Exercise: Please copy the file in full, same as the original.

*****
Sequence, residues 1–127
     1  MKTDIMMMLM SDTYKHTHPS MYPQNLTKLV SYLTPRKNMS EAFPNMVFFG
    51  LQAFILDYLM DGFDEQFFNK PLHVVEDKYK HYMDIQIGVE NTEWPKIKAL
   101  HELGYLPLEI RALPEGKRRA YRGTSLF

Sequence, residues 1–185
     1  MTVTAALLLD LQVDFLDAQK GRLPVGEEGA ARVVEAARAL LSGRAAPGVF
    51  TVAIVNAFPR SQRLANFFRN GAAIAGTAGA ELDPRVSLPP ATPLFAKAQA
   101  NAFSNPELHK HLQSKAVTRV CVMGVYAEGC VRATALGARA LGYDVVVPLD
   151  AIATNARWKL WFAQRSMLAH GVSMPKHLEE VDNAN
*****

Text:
Sequence, residues 1–127
     1  MKTDIMMMLM SDTYKHTHPS MYPQNLTKLV SYLTPRKNMS EAFPNMVFFG
    51  LQAFILDYLM DGFDEQFFNK PLHVVEDKYK HYMDIQIGVE NTEWPKIKAL
   101  HELGYLPLEI RALPEGKRRA YRGTSLF

Sequence, residues 1–185
     1  MTVTAALLLD LQVDFLDAQK GRLPVGEEGA ARVVEAARAL LSGRAAPGVF
    51  TVAIVNAFPR SQRLANFFRN GAAIAGTAGA ELDPRVSLPP ATPLFAKAQA
   101  NAFSNPELHK HLQSKAVTRV CVMGVYAEGC VRATALGARA LGYDVVVPLD
   151  AIATNARWKL WFAQRSMLAH GVSMPKHLEE VDNAN